The MasterChef series has grabbed hearts all over the world; in India, MasterChef Australia is especially popular – we all have a soft spot for Matt, George and Gary. One favourite challenge on the show is the Mystery Box; contestants are given the same bunch of ingredients which they have to use to create a delicious dish; the variety of dishes that the contestants come up with are exciting and very often astounding.
We had a reason for that brief background into the ways of MasterChef. If you’re anything like us (hey; all foodies unite!), we’re sure you’ve wanted to taste the ways the same ingredients work together to create vastly different yet delicious dishes. A new restaurant in Mumbai’s Kamala Mills allows you to do just that; say hello to AnnCensored.
The Quirk Factor
The ‘Ann’ in AnnCensored is from the Hindi word ‘Ann’, which translates to ‘food’. AnnCensored, therefore, has two sides to their menu; the ‘Censored’ version, which has a collection of elegant, Western dishes and the ‘AnnCensored’ menu which has a collection of dishes which are made with the same ingredients, but are done in a more traditional, Indian style. Do you get the MasterChef comparison now?
As well as catering to different tastes, AnnCensored ensures that it will appeal to a range of customers through its seating arrangements and decor. Spread over two floors, AnnCensored has a community table for when it’s all about the drinks and appetisers, a swing for couples and small groups to enjoy, seating inside massive barrels, for larger groups to enjoy revelry in privacy and a downstairs bar and dance floor for customers to head to when they feel the need to dance the night away.
We visited AnnCensored on a muggy Thursday evening and were immediately enveloped by the air conditioning, some pop music and an upbeat vibe. As the night progressed, more and more customers streamed in, cut loose and began to sway to the music.
As the night went on, we also got progressively tipsier, thanks to the potent cocktails from the restaurant’s quirky cocktail menu which has a collection of tiki cocktails, regular cocktails and classic drinks.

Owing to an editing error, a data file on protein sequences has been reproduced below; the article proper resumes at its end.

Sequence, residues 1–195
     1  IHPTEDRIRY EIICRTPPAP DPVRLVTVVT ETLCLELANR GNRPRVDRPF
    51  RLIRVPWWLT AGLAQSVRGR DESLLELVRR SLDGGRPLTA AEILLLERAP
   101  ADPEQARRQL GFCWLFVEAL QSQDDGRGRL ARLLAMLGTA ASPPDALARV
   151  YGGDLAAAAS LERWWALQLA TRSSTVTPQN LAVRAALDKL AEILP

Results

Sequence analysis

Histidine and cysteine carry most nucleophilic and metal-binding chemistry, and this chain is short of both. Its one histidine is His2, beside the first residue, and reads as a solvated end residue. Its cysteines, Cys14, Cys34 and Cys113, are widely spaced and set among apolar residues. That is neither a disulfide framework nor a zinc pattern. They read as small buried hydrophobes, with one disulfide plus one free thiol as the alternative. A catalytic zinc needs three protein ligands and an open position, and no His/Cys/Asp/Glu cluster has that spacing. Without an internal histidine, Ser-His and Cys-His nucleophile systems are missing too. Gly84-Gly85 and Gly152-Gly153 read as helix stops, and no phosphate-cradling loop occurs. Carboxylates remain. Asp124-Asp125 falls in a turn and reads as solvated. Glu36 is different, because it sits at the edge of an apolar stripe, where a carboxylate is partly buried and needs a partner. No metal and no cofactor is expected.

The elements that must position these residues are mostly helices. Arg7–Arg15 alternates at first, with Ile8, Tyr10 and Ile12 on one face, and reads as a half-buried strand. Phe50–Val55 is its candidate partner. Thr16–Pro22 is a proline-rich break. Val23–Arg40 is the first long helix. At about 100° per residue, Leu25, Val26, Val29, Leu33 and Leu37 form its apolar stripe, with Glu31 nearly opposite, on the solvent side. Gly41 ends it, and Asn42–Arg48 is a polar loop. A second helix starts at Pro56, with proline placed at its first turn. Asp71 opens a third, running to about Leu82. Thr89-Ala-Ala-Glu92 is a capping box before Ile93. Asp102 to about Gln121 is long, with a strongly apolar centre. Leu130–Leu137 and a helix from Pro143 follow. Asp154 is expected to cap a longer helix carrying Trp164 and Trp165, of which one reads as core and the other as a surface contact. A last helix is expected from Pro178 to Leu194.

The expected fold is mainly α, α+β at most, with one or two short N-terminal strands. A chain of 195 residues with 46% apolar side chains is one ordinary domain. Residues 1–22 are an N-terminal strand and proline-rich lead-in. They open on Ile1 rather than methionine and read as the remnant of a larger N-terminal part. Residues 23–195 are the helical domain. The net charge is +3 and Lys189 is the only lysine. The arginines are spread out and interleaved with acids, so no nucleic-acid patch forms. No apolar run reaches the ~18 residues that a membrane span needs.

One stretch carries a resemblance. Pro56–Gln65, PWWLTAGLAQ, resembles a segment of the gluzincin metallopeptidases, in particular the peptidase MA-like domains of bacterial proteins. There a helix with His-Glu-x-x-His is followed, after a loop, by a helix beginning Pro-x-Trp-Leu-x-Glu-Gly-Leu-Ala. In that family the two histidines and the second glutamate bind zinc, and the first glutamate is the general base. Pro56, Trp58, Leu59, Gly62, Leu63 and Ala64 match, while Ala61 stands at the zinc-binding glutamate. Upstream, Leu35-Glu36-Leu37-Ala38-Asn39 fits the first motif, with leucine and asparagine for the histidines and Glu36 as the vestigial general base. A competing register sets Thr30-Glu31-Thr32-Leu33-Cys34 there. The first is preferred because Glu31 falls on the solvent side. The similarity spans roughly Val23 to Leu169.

The tiki cocktail menu includes drinks like ‘I like to Move it’, ‘Shipping to Barbados’ and (of course) ‘Captain Sparrow’. We decided to go for the Shipping to Barbados, which combined vanilla syrup, grapefruit juice, lime juice and vodka to make an intoxicating yet refreshing treat. Typically, the Shipping for Barbados uses rum, but the bartender, after hearing about our love for vodka, made ours with vodka instead, explaining he would do the same for all customers.
We then went on to have the Pulserate which combines fresh mangoes, vodka, kaccha aam, ginger and a sweet and sour mix to create a tangy, tongue tingling drink. We also loved the Bellihaan which sells itself saying “no more ‘mahi’ only haan” and combines a generous dose of rosemary vodka, peach, white wine and sofa.
You know that saying “all drink and no food makes Jack a drunk boy”? Well, perhaps we’re adapting the saying slightly, but after getting a little too infatuated with the drinks we realised we should probably start eating some food as well. From the Censored menu, we ordered a mushroom consume with hazelnut foam, a three melon and feta salad with pine nuts, chicken sorba, malai mushrroms, butter chicken croquettes and chicken bomba.
The three melon salad was divine; a perfect balance of crunchy watermelons, crumbly feta and velvety greens.
We also loved the malai mushrooms, which were coated with cream and packed with a thick, smooth ‘amul cheese fondue’.
Another major hit were the butter chicken croquettes; delicately spiced butter chicken is wrapped in a crispy croquette covering creating a beautiful, surprising balance of textures.
Through the Mains and On To Desserts
Suitably impressed with the appetisers and small plates, we went on to the mains; a mutton shank with berry pulao and a range of assorted kulchas. The mutton shank was cooked in a heady, balanced gravy and was incredibly soft and tender. Meanwhile, the kulchas were soft yet packed with flavour.
Finally, although we were holding our stomachs and groaning, we rounded off our meal with an orange cheesecake which was served along with a tangy raspberry coulis. The cheesecake was wonderfully soft and was pleasantly cool, thanks to having been doused with a dose of liquid nitrogen at our table.
With this innovative touch, it was the perfect way to finish off a meal that had been quirky, sometimes astonishing but always delicious.
Want to enjoy these quirky culinary skills yourself? Head over to AnnCensored soon; remember to tell us what you thought?o